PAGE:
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This study will assess the effects of moderate vs. high intensity aerobic exercise, performed 3 times a week for 12 weeks under supervised conditions, on symptoms of depression, cognitive functioning and brain function in transitional aged youth (TAY: aged 16-24 years).
Rationale: Major depressive disorder (MDD) is a debilitating disorder characterized by persistent negative mood and a broad range of cognitive, and functional impairments. MDD is estimated to affect 4.4% of the global population, or over 300 million individuals, representing the single largest contributor to non-fatal health loss worldwide. Current treatment options are associated with sub-optimal rates of remission, with only 30-35% of MDD sufferers attaining remission with antidepressant drug monotherapy. One group for whom treatment selection is a particular challenge is transitional aged youth (TAY), encompassing the late teenage years into the early twenties. Although MDD onset typically occurs during this period - as high as 8.2% in Canadian TAY - the psychiatric community has only recently begun to recognize TAY as a unique psychiatric cohort in need of directed treatment. For example, although the use selective serotonin reuptake inhibitors (SSRIs) is the first-line treatment for MDD in adults, their utility in TAY is hampered by the possibility of increased suicidal ideation within this cohort. The need for alternative and tailored treatment options for TAY with MDD is therefore of paramount importance. Aerobic exercise (AE) has recently been recognized as one such intervention, with some reports showing outcomes comparable to pharmacological and psychotherapeutic approaches in adult populations. Few studies however, have investigated to what extent these findings extend to TAY. Further, there is little consensus as to which intensity level, or "dose", of AE offers the most benefit, which neural features underlie the putative benefits of AE in depressed TAY, and the impact on both psychosocial and cognitive processes.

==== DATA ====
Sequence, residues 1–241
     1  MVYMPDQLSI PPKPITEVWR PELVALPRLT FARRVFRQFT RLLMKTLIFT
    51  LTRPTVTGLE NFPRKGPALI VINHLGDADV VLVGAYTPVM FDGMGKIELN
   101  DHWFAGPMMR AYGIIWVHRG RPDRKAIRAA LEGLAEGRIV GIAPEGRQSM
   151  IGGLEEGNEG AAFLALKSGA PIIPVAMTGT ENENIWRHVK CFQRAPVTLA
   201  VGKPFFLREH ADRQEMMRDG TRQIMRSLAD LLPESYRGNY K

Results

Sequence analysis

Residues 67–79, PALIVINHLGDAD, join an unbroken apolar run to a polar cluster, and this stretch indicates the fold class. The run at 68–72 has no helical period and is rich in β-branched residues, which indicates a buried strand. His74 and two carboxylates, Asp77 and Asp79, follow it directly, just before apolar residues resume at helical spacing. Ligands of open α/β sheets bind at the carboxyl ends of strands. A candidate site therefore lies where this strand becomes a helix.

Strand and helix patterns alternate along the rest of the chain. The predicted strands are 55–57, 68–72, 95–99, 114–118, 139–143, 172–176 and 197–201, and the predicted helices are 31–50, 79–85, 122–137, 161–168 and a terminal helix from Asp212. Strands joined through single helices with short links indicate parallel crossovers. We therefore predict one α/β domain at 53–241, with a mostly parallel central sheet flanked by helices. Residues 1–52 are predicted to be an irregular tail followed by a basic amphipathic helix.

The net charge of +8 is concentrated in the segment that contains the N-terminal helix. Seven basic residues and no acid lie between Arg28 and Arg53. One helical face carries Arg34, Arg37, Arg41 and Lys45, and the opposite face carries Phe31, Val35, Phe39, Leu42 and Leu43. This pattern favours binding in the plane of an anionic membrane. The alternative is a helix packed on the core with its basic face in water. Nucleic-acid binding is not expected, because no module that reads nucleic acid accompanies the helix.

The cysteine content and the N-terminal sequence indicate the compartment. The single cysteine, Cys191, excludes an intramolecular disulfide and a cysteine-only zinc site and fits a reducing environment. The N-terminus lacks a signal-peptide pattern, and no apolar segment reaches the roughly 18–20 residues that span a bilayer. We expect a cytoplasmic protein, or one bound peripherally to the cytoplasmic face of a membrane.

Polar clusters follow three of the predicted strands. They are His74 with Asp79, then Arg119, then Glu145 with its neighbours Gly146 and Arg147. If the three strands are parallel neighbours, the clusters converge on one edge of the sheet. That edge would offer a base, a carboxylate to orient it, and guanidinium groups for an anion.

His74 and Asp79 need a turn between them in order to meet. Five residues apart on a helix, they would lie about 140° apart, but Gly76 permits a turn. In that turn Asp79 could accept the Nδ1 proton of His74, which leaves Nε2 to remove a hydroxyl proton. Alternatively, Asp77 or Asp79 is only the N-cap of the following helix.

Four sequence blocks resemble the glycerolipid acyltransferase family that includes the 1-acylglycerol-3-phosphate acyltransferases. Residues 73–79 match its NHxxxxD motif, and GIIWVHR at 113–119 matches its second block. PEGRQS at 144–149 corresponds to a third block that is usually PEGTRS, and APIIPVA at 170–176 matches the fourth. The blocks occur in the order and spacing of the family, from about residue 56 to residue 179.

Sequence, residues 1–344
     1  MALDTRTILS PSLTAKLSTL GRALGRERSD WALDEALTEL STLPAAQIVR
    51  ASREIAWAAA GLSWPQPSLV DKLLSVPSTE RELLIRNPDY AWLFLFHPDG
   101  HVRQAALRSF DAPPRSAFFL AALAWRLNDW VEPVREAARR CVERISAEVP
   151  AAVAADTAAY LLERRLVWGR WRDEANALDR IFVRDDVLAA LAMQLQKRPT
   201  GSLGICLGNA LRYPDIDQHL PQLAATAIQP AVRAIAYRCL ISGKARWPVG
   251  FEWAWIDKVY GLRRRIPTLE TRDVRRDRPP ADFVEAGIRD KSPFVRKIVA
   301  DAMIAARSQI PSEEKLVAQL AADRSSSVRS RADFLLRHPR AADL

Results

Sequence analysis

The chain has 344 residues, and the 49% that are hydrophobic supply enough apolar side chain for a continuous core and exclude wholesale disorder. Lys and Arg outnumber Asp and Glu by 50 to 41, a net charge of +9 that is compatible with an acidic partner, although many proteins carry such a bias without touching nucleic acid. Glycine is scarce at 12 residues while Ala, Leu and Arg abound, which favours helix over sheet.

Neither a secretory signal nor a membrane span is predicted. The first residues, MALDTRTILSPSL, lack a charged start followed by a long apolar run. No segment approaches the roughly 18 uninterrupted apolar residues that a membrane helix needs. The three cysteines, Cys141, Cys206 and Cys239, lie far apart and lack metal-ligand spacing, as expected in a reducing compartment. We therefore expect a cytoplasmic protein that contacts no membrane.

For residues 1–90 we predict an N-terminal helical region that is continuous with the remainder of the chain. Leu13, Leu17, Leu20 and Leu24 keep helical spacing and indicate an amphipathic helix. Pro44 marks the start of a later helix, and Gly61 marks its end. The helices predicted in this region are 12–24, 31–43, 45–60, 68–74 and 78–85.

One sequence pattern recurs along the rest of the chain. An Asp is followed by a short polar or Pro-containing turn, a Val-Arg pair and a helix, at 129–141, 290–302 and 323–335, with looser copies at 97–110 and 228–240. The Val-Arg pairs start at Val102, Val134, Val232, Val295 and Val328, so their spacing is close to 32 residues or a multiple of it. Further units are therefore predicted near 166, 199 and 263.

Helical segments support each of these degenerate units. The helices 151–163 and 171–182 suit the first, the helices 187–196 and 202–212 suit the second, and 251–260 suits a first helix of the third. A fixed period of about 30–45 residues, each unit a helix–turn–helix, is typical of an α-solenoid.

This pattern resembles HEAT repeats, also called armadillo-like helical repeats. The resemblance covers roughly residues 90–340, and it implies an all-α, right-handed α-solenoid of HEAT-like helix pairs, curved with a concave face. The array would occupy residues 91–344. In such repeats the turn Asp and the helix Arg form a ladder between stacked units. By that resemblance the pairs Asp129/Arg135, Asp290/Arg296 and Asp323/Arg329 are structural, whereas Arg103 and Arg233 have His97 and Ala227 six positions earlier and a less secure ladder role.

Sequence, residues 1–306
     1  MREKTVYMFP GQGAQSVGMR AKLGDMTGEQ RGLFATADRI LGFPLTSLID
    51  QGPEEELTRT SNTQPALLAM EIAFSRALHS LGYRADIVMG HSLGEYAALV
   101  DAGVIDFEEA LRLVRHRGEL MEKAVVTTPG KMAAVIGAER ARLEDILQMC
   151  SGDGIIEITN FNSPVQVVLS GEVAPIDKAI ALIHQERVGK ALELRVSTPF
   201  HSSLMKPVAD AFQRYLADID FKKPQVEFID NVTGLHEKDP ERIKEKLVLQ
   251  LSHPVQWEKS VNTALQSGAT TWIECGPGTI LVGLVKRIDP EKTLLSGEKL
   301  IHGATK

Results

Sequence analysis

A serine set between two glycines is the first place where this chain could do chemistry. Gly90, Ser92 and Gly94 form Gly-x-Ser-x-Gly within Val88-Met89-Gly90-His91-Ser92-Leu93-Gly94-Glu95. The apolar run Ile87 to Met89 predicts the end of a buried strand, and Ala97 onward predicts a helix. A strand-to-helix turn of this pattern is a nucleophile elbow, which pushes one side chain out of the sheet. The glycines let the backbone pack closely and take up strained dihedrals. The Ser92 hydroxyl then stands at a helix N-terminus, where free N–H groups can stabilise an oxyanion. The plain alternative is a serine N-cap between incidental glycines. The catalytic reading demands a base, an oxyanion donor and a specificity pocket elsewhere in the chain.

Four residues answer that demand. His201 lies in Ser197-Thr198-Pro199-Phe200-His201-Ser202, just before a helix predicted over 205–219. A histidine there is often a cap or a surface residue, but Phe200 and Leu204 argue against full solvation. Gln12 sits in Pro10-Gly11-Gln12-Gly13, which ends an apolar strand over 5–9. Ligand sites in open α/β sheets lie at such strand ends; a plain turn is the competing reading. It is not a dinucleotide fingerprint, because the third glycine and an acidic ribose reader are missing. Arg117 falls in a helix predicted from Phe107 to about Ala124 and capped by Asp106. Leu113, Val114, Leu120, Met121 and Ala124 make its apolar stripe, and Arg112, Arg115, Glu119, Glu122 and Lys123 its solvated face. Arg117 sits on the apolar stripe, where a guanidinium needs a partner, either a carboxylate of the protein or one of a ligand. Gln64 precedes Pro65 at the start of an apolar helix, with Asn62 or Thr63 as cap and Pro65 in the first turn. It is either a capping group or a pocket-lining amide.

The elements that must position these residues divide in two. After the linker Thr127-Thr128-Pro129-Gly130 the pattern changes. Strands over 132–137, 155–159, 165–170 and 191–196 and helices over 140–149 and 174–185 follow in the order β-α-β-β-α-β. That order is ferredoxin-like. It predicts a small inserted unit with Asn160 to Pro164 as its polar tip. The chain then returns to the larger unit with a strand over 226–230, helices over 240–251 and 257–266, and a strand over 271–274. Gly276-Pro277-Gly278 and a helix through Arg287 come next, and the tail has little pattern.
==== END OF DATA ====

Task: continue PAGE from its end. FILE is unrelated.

Objectives: The primary objectives of this study are: 1) to determine the effects of moderate vs. high intensity AE on clinically-rated and subjective symptoms of MDD in TAY; and 2) to examine the psychosocial, cognitive, and neuromodulatory effects of these interventions.
Methods: This two-arm, randomized trial will recruit 40 TAY (16-24 yrs) with MDD/persistent depressive disorder (PDD) into one of two AE intensity groups: medium or high. Intensity is defined as a percentage of heart rate reserve (HRR) achieved during exercise, as outlined in the American College of Sports Medicine (ACSM) guidelines (moderate: 50-55% of HRR; N=20; high: 80-85% HRR; N=20). All participants will undergo supervised and guided AE intervention sessions (~30min), three times per week, for twelve consecutive weeks. Pertinent clinical and psychosocial scores, as well as cardiac function (as assessed by maximal oxygen consumption [VO2max]), will be recorded pre-intervention (Week 0), mid-intervention (Week 6), and post-intervention (Week 12). Additionally, participants will undergo electroencephalographic (EEG) and functional magnetic resonance neuroimaging (fMRI) before and after the completion of AE intervention. Specifically, neural dynamics will be recorded at rest and during cognitive tasks engaging working memory (N-Back task) and response inhibition (Flanker task) - cognitive abilities, which have been shown to be impaired in MDD in TAY. Both clinical/psychosocial and neuroimaging outcomes will be compared using time as the within-group, and intervention type as between-group factors.
Hypotheses: The investigators expect a significant reduction in depression symptoms post (vs. pre) intervention and, based on preliminary evidence in adults, a greater reduction may emerge in those participating in the high (vs. moderate) intensity AE. Further, the investigators expect changes in fMRI profiles from pre- to post-intervention (showing normalization of brain activity and connectivity profiles); the same is true of EEG/event-related potential (ERP) features. They also expect a positive relation between VO2max and brain-based changes.
Significance: Findings from this project will help guide future large-scale investigations of AE as a potential treatment for TAY by clarifying the relation between changes to physical indices, depressive symptoms and neural profiles. Importantly, identifying the brain features modulated by AE will broaden our understanding of the neurobiological markers underlying depressive states, allowing for targeted therapeutic approaches and better outcomes for TAY suffering from MDD.
University of Ottawa Institute of Mental Health Research
The Royal's Institute of Mental Health Research
Published on BioPortfolio: 2019-10-04T08:31:35-0400
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